Two degrees may not sound like much, but it can make the difference between whether a family can sleep or not at night. While there’s no precise “tipping point,” years of sleep research show that extreme heat disrupts REM sleep, which is crucial for memory and learning. Most studies put the optimal temperature for sleeping at about 65 degrees Fahrenheit. The Cleveland Clinic suggests that anything over 75 degrees is disruptive.

Is there a solution, or at least a mitigation strategy? Better (more efficient) equipment creates the same BTU of cooling


Six Key Lifestyle Changes (Almost) No One Will Do to Save Humanity

We know what needs to be done. But I’ll eat my hat if human beings ever agree to adhere to the survival playbook.

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About a year ago, a report surfaced, suggesting the six things human beings could do to save the planet from Climate catastrophe (listed below). Although it’s hard to get up-to-the-minute data on these benchmarks, I can safely say that none of them have been tackled in any serious way. At best, they’ve bumped up by a percent or two over the past 5-10 years. Let me break it down:

  1. Switch to a Plant-based diet: As of 2019, about 5% of the U.S. population identified as vegetarian, and about 3% identified as vegan. The trend has been increasing, but it's still a small percentage of the population.
  2. Stop Buying new clothes (Buy no more than 3 new garments annually): A 2016 study found that the average American bought 68 garments and 7 pairs of shoes per year. There's no recent data, but fast fashion trends suggest this number may have increased.
  3. Keep electrical products for at least 7 years: The lifespan of electrical products varies, but most smartphones are still kept for only 2.5 to 3 years.
  4. Fly Less: (Take no more than one short haul flight every three years, and one long haul flight every eight years.) In 2019, the average American took about 5.3 trips per year, including both business and leisure travel. This number likely decreased in 2020 and 2021 due to the pandemic, but appears to be rebounding in 2023. Note however, that the lion’s share of flights are done by a small number of “elites,” not the public at large. In the U.S., according to EcoWatch, 12 percent of the population takes 66 percent of the flights.
  5. Own fewer personal motor vehicles: This number hasn’t budged for years. As of 2023, the average number of motor vehicles owned per person in the United States is approximately 0.8. This includes cars, trucks, and motorcycles. Of 275,913,237 registered vehicles in the United States, including both private and commercial vehicles, about 3 million are electric.
  6. Shifting to green energy: As of 2020, about 20% of U.S. electricity was generated from renewable sources. The trend is increasing slowly, but the majority of Americans still get their electricity from fossil-fuel powered plants. Only about 2 percent of homes are Net Zero.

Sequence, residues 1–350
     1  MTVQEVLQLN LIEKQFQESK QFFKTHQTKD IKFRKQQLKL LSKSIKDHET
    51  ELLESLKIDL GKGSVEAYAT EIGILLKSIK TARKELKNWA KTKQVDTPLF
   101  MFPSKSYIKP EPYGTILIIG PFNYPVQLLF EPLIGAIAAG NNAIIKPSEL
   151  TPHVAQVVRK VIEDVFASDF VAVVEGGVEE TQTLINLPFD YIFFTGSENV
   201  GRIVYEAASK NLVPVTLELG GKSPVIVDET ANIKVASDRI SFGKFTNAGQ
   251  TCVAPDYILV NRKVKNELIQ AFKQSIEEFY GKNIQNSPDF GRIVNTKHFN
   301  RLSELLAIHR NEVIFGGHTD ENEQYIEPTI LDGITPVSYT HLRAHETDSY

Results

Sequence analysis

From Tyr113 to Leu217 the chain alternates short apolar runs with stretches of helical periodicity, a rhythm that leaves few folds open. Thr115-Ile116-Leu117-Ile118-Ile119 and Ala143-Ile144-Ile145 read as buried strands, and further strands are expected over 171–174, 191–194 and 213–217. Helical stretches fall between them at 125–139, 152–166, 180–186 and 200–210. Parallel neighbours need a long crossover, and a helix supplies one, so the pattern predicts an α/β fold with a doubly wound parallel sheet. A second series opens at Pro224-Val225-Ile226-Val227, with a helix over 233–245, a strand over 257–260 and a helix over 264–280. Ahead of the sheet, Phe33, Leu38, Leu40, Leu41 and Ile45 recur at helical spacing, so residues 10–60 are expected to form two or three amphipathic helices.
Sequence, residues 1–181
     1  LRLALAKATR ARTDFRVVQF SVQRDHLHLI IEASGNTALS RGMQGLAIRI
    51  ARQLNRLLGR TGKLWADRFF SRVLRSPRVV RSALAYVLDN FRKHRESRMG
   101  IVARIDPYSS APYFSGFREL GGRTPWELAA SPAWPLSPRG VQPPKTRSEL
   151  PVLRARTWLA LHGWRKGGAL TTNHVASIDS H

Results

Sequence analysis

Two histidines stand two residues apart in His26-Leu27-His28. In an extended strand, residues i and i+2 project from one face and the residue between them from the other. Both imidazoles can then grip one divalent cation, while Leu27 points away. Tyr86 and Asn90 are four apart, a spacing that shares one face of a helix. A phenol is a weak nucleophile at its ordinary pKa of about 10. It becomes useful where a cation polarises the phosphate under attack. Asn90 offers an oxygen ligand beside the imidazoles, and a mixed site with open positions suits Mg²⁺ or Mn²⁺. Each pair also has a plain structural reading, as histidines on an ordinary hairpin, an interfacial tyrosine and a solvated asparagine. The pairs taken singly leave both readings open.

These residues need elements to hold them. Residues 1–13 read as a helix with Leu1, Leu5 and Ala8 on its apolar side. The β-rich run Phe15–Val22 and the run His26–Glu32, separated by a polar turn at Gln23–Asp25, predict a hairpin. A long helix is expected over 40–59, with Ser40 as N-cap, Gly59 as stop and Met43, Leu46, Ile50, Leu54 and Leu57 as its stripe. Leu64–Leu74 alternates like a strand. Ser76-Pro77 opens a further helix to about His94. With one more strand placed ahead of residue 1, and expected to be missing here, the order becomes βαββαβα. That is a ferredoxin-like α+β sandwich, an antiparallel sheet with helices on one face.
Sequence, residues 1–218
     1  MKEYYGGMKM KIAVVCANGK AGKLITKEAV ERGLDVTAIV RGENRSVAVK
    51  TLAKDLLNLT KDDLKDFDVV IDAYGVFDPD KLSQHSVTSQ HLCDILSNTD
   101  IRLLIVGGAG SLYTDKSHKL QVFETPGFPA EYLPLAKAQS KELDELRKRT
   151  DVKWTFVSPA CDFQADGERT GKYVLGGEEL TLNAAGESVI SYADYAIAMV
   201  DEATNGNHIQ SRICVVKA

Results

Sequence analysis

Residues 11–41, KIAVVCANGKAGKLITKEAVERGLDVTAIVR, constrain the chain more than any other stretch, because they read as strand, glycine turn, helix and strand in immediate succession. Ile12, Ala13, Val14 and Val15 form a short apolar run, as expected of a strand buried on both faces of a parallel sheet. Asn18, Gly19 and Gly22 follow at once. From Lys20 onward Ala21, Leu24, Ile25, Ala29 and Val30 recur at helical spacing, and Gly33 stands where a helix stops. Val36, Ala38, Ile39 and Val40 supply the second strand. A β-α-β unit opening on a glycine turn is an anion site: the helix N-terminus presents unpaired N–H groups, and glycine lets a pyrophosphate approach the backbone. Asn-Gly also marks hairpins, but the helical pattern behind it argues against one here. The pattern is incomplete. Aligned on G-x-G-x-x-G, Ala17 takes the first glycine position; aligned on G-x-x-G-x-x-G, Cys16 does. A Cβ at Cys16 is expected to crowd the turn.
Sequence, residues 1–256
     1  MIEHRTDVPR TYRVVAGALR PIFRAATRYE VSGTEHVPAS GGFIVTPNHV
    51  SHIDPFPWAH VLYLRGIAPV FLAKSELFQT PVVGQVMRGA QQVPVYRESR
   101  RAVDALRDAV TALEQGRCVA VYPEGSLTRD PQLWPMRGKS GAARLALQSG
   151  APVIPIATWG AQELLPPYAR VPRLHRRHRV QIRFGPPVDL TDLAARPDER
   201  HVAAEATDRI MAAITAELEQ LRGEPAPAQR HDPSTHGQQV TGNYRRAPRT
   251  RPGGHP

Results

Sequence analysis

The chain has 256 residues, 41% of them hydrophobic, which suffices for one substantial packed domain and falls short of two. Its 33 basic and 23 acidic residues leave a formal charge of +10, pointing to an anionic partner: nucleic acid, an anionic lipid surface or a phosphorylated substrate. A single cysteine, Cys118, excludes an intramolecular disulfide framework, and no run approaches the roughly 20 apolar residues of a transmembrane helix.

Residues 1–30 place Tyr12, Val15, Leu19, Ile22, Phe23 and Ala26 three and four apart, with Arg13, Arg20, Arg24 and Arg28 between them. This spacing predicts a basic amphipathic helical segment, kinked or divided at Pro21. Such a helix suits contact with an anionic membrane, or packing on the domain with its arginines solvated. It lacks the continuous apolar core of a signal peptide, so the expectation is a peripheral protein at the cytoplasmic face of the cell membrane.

The Industry Elephant in the Mix

It’s frustrating to observe how little people seem willing to do to stave off a possible extinction-level threat. But it’s not JUST individuals at fault.

The role of industry in CO2 pollution should not be understated. The U.S. economic system often promotes unsustainable practice and continued fossil fuel use. Many so called consumer “choices” are baked in to our current way of life: auto dependency, subsidies for low-nutrition foods, lack of alternative transit methods and so on. These systemic issues make it more challenging for individuals to make sustainable choices, even when they are aware and willing.

US CO2 emissions by sector in 2020

Addressing these systemic issues is crucial for achieving large-scale sustainable change. This involves not only changes at the individual level but also significant shifts in corporate practices, government policies and societal norms.


Storms and Solar Panels Accelerate Metal Roofing’s Rise

The U.S. residential metal roofing market is experiencing record-breaking growth, driven in part by climate extremes and solar compatibility.

By Darcie K Meihoff, Guest Contributor

According to the Dodge Report, demand for metal roofing in residential re-roofing has reached a record-high 18% of the total roofing market in the US in 2022, a 6% increase in just three years.

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What’s telling is that the biggest growth in sales happened in areas frequently hit by severe weather and climate extremes. It’s not just metal’s durability and fire resistance attracting buyers, however. It’s also considered an optimal surface for solar panels, because, like clay tile, EPDM rubber and concrete tiles, it won’t have to be removed long before the lifespan of the panels has expired.

metal roofs courtesy of MRA

courtesy Metal Roofing Alliance

"Consumers are simply tired of having to replace their roofs after just a few years or worry about whether they have long-lasting protection against monster storms, wildfires and extreme temperatures," said Renee Ramey, executive director of the Metal Roofing Alliance (MRA).

"We’re finding more homeowners are turning to quality metal roofs, not just for better, long-lasting performance, but also for metal’s more sustainable and low maintenance attributes.”

The MRA has played a significant role in raising awareness and understanding among U.S. and Canadian homeowners about the benefits of metal roofing compared to other materials. The organization offers a variety of resources and tools for homeowners, including a comprehensive Buyer’s Guide.